Homer and Marge Simpson found themselves upgraded to the first class on a flight to
Homer: ‘Look at me. I’m reading The Economist. Did you know
is at a crossroads?' Indonesia
- The Simpsons,
April 25th 2004
Yes, I know it's an old episode of The Simpsons but I don’t know how many of you read the edition of The Economist in the following week (5/1/04-5/7/04). On page 79, there’s a short article with the title:
The article talks about the legal uncertainty surrounding the Manulife vs Prudent Life Insurance debacle two years ago.1 The "crossroads" refers to whether
But of course for fans of The Simpsons who also happened to read The Economist, using “At a Crossroads” as the title of the article could only be interpreted as a brilliant and witty riposte from the magazine.
So that was two years ago. Even if you missed the episode and have not seen the article, there’s a chance that you have stumbled upon some websites that talk about it such as this, this, this, and this , just to name a few.
Two reasons why I'm posting this now.
First, two years after, the question is: where are we now? Is the legal and regulatory environment better than it was two years ago? How are we doing on FDI numbers? These are genuine questions, because we don’t talk much about macroeconomics here at the Café (maybe we should). I'm not a macro guy and in fact none of us here at the Café are hard-core macro person (hint: send your resumé2). Besides, for matters related to the political economy of businesses, foreign and domestic alike, I usually depend on the reporting of Yosef Ardi (see for example his excellent post on US businesses’ wish list a while back, just as an illustration). So, are we still on a crossroads?
The second reason for this post, totally unrelated to the first, is that The Simpsons reference was recently brought up again in the February 2006 edition of the Atlantic Monthly (subscription maybe required). The article discusses why The Economist, as a weekly magazine, seems to be more successful in terms of its readership as well as its influence compared to its competitors across the
- The snob effect:
consumers think British things are cool. It’s not an entirely outrageous explanation considering the number of ads and shows in the US that use British-accented actors (exhibit 1: Simon Cowell), supposedly to symbolize sophistication (okay, Cowell is a bad example). The snob effect is also exactly what the scene from The Simpsons was trying to portray. US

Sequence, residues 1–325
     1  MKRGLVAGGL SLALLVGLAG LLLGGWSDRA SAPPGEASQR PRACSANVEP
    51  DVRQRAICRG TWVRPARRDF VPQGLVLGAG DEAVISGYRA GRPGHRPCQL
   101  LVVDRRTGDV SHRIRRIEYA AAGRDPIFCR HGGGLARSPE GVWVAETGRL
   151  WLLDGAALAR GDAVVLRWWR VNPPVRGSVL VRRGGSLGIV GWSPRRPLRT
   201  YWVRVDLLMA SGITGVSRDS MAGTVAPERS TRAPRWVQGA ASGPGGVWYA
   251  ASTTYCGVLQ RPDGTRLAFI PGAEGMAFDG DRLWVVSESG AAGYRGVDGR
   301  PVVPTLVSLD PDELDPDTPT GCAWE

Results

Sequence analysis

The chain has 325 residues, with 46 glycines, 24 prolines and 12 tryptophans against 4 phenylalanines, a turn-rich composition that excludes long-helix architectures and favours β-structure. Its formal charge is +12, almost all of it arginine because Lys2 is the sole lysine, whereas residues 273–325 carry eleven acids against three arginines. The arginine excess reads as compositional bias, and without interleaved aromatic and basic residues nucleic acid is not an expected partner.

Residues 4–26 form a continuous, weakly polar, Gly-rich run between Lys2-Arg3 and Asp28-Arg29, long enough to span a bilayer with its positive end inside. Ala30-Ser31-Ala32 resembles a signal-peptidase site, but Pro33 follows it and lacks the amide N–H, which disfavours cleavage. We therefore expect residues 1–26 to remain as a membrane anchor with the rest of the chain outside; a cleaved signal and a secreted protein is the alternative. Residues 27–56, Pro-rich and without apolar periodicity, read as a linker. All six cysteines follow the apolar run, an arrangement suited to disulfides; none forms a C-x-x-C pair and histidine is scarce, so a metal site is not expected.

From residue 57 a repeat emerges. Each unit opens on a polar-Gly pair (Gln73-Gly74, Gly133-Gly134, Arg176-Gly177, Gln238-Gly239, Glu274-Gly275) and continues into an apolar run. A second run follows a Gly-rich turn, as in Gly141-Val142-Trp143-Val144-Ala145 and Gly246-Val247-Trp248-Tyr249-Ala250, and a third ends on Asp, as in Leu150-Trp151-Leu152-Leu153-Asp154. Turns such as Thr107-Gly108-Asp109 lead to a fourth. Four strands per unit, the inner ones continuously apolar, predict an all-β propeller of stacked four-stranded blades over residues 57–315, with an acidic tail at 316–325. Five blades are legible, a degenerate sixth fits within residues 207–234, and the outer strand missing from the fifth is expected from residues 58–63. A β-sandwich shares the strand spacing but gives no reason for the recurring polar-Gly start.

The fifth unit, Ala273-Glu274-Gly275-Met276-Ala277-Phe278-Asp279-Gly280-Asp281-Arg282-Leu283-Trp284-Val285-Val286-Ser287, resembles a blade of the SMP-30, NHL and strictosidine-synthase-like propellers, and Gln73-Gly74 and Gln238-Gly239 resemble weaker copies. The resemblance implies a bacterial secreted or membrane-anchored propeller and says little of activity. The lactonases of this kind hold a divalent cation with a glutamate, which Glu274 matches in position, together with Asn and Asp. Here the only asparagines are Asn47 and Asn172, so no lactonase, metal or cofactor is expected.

- Unlike their counterparts in the
, The Economist never shies away from stating its position on various issues. After all, this is a magazine that is unbashful about its raison d’etre: “to promote free trade”. US
- It is a magazine unintentionally targeted for a single global readership in the sense that the editorial never really sought its readers out. They did very little in terms of market differentiation. The order of contents of the magazine may be different between the
, US Europe, Asiaeditions, but the sentences, the words are the same everywhere. This is not true for magazines such as Newsweek, or Time.
Well, the student organization I belong to when I was in college had a running subscription for The Economist. Even at that time (i.e., pre-crisis years- yeah, I’m that old), it was terribly expensive. Considering our organization was self-funded, I don’t know how we justified the subscription. Maybe we were awestruck by the free market orientation of the magazine. Perhaps it was the British wry sense of humor. But then again it could also be that we were just snobs.
Update: Indeed we might have just passed another crossroads. And took the wrong turn. In all likelihood, it seems that all charges against Soeharto will be dropped. Aco is clearly unhappy about this. If this is true, a collective mea maxima culpa from the political leaders is in order. A collective d'oh! would not be enough.
2 Actually, no. Don’t send your resume.
The Economist The Simpsons The Atlantic Monthly